MJ and I voted today in the 2016 Election. Obviously, since there are 19 days to go before the November 8 Election Day, we voted by mail. For four years before this spring’s primary, I worked as a poll worker in Brecksville. The Cuyahoga County Election Board encouraged poll workers to vote by mail, and as a result, I learned the advantages: you don’t have to wait in line (in 2012 at my polling place, waits of a half hour were common), and you also can study the ballot at your leisure and make sure that you are voting the right way for officials and issues.
Several weeks ago, I requested our mail ballots on the website of the Cuyahoga County Board of Elections–after confirming that we were registered. I simply entered last name and the date of birth for each of us.
The ballots were mailed out on October 12 as mandated by Ohio law. I got mine two days later and MJ’s arrived after three days. Over the past weekend, I researched the recommendations for the various judgeships that were on the ballot for Cuyahoga County and the State of Ohio. There also was an election for the state school board to be studied. Local issues are pretty straight forward.
As far as the national, state, and county elections are concerned, we pretty much voted for Democrats, which included Hillary Clinton and Tom Kaine for president and vice president.
Until recently, I maintained an independent status, and I was considered an independent when I served as a poll worker. Our four-person poll worker teams consisted of one or two representatives of each party along with me as an independent, depending on the election. Certain functions could be performed only by two registered voters with each party represented.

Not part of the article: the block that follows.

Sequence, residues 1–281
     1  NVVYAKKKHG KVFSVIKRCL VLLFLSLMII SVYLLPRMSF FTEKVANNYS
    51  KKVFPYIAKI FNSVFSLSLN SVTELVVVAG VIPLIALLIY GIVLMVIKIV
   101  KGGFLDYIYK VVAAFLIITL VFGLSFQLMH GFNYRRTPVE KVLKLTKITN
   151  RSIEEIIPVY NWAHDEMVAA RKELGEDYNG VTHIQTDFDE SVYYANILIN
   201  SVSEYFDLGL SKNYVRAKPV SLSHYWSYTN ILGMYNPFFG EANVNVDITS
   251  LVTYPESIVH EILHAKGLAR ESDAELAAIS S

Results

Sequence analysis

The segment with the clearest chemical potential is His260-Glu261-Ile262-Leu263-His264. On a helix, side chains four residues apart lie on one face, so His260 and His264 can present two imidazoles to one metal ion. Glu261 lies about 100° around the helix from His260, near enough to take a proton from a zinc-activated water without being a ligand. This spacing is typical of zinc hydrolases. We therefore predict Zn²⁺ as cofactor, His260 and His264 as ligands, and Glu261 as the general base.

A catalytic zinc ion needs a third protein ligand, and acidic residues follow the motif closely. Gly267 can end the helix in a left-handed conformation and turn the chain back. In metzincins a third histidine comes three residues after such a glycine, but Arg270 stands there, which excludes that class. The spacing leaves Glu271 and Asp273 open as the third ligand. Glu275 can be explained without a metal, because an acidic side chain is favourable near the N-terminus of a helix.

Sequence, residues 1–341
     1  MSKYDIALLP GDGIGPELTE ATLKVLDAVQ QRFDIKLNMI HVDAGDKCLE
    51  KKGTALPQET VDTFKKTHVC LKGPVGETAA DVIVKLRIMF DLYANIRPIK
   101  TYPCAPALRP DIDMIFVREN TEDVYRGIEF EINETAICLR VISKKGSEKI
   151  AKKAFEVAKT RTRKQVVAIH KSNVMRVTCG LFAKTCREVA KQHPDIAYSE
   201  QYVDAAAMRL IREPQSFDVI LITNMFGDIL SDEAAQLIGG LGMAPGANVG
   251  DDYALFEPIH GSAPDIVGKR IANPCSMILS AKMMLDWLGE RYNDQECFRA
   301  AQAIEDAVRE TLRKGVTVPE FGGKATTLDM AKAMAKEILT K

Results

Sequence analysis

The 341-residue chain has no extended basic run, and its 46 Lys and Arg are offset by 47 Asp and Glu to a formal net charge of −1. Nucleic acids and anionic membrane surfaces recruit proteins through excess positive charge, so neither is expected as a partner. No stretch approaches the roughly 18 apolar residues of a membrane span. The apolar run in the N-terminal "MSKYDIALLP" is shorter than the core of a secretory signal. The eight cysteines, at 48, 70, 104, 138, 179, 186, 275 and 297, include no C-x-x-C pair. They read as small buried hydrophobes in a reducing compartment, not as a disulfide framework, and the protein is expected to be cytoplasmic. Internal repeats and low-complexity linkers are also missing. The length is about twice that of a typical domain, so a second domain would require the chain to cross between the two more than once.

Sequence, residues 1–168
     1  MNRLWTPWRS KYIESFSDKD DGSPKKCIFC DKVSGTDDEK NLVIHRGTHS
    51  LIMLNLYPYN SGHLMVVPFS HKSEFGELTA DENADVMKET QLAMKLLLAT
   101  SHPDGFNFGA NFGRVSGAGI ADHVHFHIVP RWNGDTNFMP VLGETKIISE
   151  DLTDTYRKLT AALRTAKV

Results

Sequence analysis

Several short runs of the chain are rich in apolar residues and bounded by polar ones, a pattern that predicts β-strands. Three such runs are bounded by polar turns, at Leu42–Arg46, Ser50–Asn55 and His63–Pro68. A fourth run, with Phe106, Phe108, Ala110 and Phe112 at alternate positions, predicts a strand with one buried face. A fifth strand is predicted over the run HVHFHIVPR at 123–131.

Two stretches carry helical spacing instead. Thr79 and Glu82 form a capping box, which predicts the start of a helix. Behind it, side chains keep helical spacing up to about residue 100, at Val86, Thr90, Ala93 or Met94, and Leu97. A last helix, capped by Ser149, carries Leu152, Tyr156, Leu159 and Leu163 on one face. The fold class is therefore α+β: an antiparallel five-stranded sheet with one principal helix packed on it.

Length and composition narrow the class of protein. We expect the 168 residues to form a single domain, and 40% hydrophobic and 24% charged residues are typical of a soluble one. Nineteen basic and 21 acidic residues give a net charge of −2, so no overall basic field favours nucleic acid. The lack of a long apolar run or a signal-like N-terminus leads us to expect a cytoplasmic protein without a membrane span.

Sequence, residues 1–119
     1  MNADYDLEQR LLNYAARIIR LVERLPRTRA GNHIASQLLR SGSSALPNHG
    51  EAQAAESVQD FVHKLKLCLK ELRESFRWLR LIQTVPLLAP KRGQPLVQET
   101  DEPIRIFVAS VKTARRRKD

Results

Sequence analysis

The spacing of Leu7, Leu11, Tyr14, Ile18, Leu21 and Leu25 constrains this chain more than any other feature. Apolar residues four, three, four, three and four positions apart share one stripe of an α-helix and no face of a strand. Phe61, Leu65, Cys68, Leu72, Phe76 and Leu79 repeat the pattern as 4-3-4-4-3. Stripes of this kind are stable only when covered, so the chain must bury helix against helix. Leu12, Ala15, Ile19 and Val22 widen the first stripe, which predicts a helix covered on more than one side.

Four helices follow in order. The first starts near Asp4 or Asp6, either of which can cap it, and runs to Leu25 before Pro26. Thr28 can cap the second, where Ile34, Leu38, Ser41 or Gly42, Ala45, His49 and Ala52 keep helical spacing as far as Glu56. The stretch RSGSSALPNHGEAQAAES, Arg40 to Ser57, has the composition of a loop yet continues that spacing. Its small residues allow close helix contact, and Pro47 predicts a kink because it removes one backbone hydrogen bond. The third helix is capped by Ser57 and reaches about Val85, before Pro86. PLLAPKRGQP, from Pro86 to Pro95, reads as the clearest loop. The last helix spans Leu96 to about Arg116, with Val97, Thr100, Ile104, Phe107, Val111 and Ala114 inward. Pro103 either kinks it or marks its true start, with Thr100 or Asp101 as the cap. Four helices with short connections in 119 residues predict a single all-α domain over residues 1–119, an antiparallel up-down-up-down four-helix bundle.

A year ago, the “Party of No” (Republican) finally got to me, and I voted in the Democrat primary, making me a registered Democrat.
Donald Trump, in his failing campaign as the Republican presidential candidate, is claiming that the system is rigged; that it will be rife with fraudulent voting. Based on my experience as a poll worker, and being exposed to the procedures that the Cuyahoga Board of Elections follows to 1) register and track voters, 2) check them in at the polling place, and 3) collect and count the ballots, I can say that Donald doesn’t know what he is talking about–at least in Ohio. First of all, you have to bring proof of your identity to the polling place. Beginning with this first step it is impossible for somebody to vote more than once as each voter is checked against a poll book compiled for the specific election. Then every voted ballot is entered into a sealed voting machine for counting by optical scanning. The paper ballot is collected by the machine as backup if a recount is needed. The machine count and the ballots are then turned over to the Election Board where they are added to the county vote totals. There are many checks and balances in this system, which is in place across the state of Ohio. There might be some voter fraud in other jurisdictions across the country, but not in Ohio.
In closing, the Board of Election tracks our ballots from request through to counting. We received text messages that they were mailed, and the website also indicated that they were mailed. In a couple of days, I expect to be notified that our ballots were received and submitted for counting.